There have been numerous voices in the media claiming that cloud based solutions are the answer to the data security problems facing the NHS. For example, Clive Longbottom, founder of analyst firm Quocirca, suggests that the cloud could be used to centralise data into a single facility that could only be accessed via “relatively dumb devices”. However, many of the problems experienced by the NHS seem to stem from a lack of visibility when it comes to internal systems. This problem would appear to be common within organisations in the UK. Baroness Neville Jones, special representative to business on cyber security, noted earlier this year that many threats are missed because organisations are unaware of what the normal functioning of their networks looks like “because they don’t actually know enough about their own systems”.
Unfortunately, like many organisations, the NHS is wasting the very resource that can help develop a better understanding of its networks. IT systems produce millions of logs each day, which, when collected and analysed, can provide all the information required to develop a forensic insight into every level of activity. However, even more modestly sized organisations can struggle with the volume of logs that are created and increasingly disparate nature of IT systems.
As a result monitoring and reviewing this information to see what’s been going on can take days or even weeks – long after any security policies have been broken, and sensitive data lost. To simplify and speed up this process, the NHS needs to embrace solutions that automatically monitor and secure all activity logs while also reporting and alerting on activity that warrants attention in real-time. Unwanted activity can clarified by IT staff during the implementation process and could include numerous breaches of data protection policy including incidents of unencrypted data being transferred to a portable device or data not being deleted in accordance with regulatory obligations.
By enhancing visibility of how data is being used, the NHS will have significantly improved ability to ensure that policy and procedure is followed by its staff. In addition, monitoring data logs in this way makes it much harder for sophisticated attacks like the Stuxnet worm to take root. In order for them to do so hackers would need to breach both their target and the logging system simultaneously, a significant challenge. This kind of monitoring is increasingly required by the industry guidelines and regulations observed across both the public and private sector. CESG, the UK Government’s National Technical Authority for Information Assurance, introduced the Good Practice Guide 13 Protective Monitoring framework that stipulates that public sector organisations must continually monitor their IT systems in order to spot unwanted or unusual activity and prescribes how this can be done in the most efficient and effective manner.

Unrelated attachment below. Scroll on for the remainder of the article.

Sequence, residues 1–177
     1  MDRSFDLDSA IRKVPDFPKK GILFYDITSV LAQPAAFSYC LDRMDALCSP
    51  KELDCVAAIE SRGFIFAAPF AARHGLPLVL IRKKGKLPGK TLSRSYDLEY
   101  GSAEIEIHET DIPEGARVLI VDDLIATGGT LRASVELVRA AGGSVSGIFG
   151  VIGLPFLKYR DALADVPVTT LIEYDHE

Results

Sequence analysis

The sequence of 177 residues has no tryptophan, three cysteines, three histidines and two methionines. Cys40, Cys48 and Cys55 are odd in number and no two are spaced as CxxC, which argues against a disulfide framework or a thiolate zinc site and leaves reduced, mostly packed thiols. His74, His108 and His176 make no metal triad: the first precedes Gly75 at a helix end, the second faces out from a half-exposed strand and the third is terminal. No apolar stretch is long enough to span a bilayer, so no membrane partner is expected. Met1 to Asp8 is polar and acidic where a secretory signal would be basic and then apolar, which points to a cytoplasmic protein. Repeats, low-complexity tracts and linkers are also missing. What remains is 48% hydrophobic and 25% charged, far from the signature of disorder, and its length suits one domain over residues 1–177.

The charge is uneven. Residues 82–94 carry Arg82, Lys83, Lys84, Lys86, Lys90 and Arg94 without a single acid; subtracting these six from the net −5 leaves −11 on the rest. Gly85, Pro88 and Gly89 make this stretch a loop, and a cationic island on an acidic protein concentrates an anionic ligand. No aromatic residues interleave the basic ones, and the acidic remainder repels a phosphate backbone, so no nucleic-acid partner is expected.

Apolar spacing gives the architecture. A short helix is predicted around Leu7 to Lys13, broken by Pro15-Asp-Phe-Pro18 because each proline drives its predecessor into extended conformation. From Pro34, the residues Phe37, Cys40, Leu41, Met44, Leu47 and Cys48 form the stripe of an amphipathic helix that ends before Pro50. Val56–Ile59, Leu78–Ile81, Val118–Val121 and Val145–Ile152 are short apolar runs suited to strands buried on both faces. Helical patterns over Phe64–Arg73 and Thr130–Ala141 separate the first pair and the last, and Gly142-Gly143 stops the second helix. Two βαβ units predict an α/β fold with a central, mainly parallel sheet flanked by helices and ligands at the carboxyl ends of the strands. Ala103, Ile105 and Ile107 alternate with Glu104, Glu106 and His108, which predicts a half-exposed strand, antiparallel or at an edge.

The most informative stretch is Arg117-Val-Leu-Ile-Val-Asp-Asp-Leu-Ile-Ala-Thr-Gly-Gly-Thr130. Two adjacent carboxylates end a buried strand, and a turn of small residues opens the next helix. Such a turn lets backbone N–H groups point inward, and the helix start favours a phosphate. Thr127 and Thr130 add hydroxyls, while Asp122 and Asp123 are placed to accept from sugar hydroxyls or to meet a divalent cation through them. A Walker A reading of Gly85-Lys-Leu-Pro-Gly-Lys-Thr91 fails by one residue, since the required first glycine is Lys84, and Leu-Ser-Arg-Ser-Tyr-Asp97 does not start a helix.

Included in the recommendations is the need to monitor all computer-related activity in real-time and the generation of alerts should unwanted activity occur. Continued criticism from ICO would seem to suggest that CESG’s guide is not being adhered to with sufficient diligence at present.
Using Protective Monitoring technology to develop a better understanding of systems, and thus more effective data protection procedures, is essential if the NHS wants to clear up its reputation as one of the UK’s least reliable guardians of sensitive data. Learning more about systems in this way provides a host of additional benefits too, including the ability to identify inefficiencies within the IT estate. The NHS is responsible for holding data on some of the UK’s most vulnerable citizens, while improving IT systems is obviously not as vital as providing first rate medical services it should be a priority nonetheless.
Ross Brewer is vice president and managing director, international markets, LogRhythm.
* Survey of 3000 UK workers, April 2011, OnePoll